The U.S. pharmaceutical giant, Pfizer, has confirmed in a statement that out of court talks with the Kano State government in northern Nigeria have broken down. Kano State is suing Pfizer for more than $2 billion for a 1996 clinical drug trial that it says killed 11 children. Sarah Simpson has more from Lagos.
In the statement, Pfizer described as "unfortunate" a decision by Kano State officials to call off talks over an alleged illegal clinical drug test.
Kano state officials had previously said discussions intended to reach an out of court settlement with the drug company ended because they were dissatisfied with the way the talks were going. However, in the Pfizer statement, Spokesman Chris Loder said efforts to try the case in the media and intimidate the company and the courts had impeded the process.
Kano State is suing Pfizer for over $2 billion for what it says was an unauthorized clinical trial of a meningitis treatment on children in 1996. They say the trials left 11 children dead, and seriously disabled others.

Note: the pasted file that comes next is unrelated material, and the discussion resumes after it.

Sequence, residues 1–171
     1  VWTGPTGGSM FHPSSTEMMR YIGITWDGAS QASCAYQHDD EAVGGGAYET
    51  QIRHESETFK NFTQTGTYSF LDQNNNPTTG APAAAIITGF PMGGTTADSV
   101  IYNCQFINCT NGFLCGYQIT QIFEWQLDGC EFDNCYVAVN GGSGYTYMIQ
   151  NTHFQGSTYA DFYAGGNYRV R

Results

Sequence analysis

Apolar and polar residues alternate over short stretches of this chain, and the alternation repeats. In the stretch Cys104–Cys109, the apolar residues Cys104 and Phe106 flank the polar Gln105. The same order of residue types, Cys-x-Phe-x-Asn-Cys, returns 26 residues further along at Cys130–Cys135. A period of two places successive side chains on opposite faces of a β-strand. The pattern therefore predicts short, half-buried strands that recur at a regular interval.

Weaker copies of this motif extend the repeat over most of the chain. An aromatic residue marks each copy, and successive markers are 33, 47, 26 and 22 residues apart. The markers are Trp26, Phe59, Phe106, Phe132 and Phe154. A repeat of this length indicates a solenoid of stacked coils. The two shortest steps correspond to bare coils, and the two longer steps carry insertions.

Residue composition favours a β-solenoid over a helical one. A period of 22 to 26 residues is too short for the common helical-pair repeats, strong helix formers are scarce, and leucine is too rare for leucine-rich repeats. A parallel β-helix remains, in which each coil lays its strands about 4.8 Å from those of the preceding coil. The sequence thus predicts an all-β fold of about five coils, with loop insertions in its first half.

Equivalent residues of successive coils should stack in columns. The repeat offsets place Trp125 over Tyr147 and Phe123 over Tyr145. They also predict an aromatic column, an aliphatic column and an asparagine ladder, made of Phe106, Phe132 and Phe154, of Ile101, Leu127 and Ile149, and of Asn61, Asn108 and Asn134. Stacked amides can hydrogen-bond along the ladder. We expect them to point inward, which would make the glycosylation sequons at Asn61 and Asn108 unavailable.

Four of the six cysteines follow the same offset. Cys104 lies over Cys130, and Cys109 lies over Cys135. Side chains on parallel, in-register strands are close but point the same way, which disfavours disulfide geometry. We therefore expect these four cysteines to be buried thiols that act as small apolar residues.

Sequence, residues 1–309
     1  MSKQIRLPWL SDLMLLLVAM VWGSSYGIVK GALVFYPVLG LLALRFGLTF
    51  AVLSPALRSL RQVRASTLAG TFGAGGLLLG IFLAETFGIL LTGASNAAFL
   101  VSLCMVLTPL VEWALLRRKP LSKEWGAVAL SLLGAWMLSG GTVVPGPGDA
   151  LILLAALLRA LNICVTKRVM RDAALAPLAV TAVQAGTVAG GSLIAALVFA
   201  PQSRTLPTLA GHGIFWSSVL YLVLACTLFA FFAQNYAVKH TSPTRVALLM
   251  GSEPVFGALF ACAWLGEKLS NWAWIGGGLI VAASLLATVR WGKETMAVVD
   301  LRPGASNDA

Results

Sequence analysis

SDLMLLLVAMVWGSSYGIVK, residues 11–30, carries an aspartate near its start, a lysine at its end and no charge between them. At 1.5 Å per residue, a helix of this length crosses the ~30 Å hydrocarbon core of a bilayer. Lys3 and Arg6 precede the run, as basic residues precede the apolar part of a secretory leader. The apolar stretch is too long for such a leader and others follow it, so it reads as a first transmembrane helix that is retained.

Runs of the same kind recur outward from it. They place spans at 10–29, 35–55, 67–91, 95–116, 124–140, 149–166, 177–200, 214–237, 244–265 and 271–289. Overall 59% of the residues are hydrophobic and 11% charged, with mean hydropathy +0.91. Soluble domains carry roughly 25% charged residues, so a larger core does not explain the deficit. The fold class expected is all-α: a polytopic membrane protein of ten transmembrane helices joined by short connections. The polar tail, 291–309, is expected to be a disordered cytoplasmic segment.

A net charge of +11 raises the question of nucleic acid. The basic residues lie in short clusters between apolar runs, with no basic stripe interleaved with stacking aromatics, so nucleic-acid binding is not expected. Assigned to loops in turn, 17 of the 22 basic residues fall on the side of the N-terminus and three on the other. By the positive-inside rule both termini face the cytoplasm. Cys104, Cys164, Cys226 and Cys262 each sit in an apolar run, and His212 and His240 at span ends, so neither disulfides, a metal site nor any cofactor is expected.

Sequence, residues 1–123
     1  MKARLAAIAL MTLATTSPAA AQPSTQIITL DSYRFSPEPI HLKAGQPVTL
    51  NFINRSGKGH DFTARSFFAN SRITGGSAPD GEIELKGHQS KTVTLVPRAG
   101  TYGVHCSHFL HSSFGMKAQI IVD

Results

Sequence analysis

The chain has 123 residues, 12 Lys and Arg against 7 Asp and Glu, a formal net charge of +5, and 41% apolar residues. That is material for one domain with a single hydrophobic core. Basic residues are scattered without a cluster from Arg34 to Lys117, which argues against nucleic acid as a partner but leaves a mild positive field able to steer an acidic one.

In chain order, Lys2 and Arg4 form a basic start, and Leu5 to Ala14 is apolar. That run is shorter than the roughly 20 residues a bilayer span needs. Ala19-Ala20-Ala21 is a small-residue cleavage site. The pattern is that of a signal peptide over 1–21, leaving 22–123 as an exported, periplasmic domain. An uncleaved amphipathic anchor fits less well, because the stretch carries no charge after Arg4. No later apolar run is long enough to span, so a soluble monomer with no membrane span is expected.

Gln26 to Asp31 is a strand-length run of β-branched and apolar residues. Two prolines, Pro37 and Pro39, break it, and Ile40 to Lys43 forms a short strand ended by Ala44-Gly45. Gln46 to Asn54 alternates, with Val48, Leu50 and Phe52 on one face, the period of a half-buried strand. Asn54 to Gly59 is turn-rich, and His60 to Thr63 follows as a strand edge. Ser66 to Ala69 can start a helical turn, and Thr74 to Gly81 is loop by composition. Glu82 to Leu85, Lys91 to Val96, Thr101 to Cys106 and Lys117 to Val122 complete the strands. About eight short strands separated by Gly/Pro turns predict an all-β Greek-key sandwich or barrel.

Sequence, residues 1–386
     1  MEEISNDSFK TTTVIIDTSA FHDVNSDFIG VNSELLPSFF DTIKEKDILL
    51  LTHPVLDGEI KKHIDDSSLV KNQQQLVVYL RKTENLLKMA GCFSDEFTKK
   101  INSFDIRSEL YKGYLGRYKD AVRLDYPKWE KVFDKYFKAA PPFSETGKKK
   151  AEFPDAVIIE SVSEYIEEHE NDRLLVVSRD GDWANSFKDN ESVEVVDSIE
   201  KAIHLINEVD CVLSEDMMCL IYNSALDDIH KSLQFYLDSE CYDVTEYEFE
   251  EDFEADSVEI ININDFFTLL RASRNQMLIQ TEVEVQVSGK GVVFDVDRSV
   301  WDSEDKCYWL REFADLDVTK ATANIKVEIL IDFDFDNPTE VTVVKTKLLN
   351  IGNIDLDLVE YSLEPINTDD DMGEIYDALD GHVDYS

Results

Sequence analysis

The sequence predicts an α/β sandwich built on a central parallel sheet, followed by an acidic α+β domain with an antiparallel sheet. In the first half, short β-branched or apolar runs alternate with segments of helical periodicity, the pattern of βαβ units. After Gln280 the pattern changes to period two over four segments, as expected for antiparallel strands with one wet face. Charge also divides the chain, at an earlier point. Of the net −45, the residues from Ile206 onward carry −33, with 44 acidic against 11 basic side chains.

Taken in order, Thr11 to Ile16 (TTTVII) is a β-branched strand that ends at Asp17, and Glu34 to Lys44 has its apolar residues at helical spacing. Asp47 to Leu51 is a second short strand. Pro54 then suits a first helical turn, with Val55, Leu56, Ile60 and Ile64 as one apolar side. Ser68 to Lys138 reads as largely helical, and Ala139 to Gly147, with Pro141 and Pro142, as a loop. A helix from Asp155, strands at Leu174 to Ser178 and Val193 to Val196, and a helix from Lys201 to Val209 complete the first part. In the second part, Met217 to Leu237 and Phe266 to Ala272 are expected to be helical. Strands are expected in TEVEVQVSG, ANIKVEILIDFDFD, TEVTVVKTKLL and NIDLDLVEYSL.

Pfizer says the 11 children died of meningitis. It says those left disabled display symptoms associated with meningitis survivors.
Pfizer has rigorously maintained that it had the full authorization of the Nigerian federal and state governments before conducting the trial, and that consent was obtained from parents or guardians of all 200 children involved.
Kano State Attorney General Aliyu Umar disputes this. He says the drug company took advantage of poor, illiterate Nigerians to carry out tests amid the panic of an epidemic.
More than 12,000 Nigerian children died in the 1996 epidemic of meningitis, an infection of the nervous system that can kill a victim within hours.
Umar says any money paid to Kano State by Pfizer will go to help the children and families of those involved in the trial. But to date, the families of the children who died and those left seriously disabled say they have not received any money or assistance from their government, and even if a payout is awarded to Kano State, few of the families expect any of the cash to reach them.
Some groups that monitor governmental accountability say Nigeria is one of the most corrupt countries in the world. The country earns billions of dollars each year from oil exports, yet the majority of Nigerians live in poverty.
The Kano civil case against Pfizer continues, with the next hearing scheduled for January 28.
The federal government is also seeking several billion dollars in compensation through federal courts.